Saturday, June 30, 2007

Traditional British understatement takes on apologists for Islamic terror

from normblog:

Moderate democrats in disguise

According to this piece by Alistair Crooke, Hamas are 'Islamism's moderates'. This moderation is one they share, he thinks, with Hizbollah. Crooke is one of the directors of Conflicts Forum. On its website, the remit of the Forum is quoted as including a desire 'to challenge the prevailing Western orthodoxy that perceives Islamism as an ideology that is hostile to the agenda for global democracy and good governance'.

Moderation is a relative thing, so there is doubtless an extreme next to which Hamas and Hizbollah look moderate. The trouble is, not everything is relative in quite this way. Whether Israel is a legitimate state and whether the Jewish people have a right to national self-determination within its pre-1967 boundaries are yes-or-no questions. Both the Hamas charter and the programme of Hizbollah give non-moderate answers to these questions. They say things like: 'Israel will rise and will remain erect until Islam eliminates it as it had eliminated its predecessors'; and 'our struggle will end only when this [Zionist] entity is obliterated'.

The totalizing claims in Part I of the first document and the opening paragraph of the second (with the 'obeying the orders of one leader' stuff) suggest that the Conflicts Forum have a rather limited conception of what democracy and good governance require. (Thanks: SC.)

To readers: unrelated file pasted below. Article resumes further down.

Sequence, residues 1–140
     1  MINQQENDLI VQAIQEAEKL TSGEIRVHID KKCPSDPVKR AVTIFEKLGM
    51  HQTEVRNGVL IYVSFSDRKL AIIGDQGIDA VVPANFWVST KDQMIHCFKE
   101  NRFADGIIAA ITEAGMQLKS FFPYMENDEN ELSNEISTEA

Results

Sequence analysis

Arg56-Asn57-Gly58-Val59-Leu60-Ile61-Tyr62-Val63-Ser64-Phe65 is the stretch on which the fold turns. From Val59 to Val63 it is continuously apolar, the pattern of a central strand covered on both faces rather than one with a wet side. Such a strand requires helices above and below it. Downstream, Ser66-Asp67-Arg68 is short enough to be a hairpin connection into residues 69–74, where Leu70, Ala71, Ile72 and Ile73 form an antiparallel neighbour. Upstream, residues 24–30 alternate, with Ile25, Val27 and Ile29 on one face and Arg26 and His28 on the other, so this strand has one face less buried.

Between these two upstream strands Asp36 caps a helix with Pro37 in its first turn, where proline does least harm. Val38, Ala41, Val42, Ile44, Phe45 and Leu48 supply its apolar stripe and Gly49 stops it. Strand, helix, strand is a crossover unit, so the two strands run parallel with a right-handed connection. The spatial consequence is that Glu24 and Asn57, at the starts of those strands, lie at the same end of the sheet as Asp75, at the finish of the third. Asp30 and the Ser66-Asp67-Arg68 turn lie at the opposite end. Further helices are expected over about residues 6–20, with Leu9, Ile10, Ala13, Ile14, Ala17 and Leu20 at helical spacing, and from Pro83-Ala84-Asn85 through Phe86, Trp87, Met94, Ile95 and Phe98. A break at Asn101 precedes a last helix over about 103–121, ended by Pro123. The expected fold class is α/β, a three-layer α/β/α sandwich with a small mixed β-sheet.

Is Darwin Kosher? Yes, thanks to Maimonides.

from the Wall Street Journal: OpinionJournal
Did we come from monkeys? Ask the Zoo Rabbi.

Friday, June 29, 2007 12:01 a.m. EDT

Last month, 600 people turned out for a Yeshiva University fund-raiser at the American Museum of Natural History in New York. The museum, which stands as a monument to science, houses one of the world's most extensive collections of dinosaur fossils. The dinner itself was held in the dramatic Milstein Hall of Ocean Life, which features a massive blue whale that hangs suspended in midair; intricate dioramas modeled on the flora and fauna of the planet's oceans line the walls. Everything about the affair suggested that Yeshiva, the intellectual epicenter of Modern Orthodox Jewish life in America, is very much at ease in the world of secular science.

This impression is confirmed by Carl Feit, who is an ordained rabbi and Talmudic scholar as well as chairman of the science division at Yeshiva College. Prof. Feit says that in nearly a quarter-century of teaching introductory biology, he has always taught evolution--supported by traditional Jewish source material--and that 'there has never been a blip on the radar here.' His assessment echoes the official line of the Modern Orthodox rabbinical association, which states that evolution is entirely consistent with Judaism.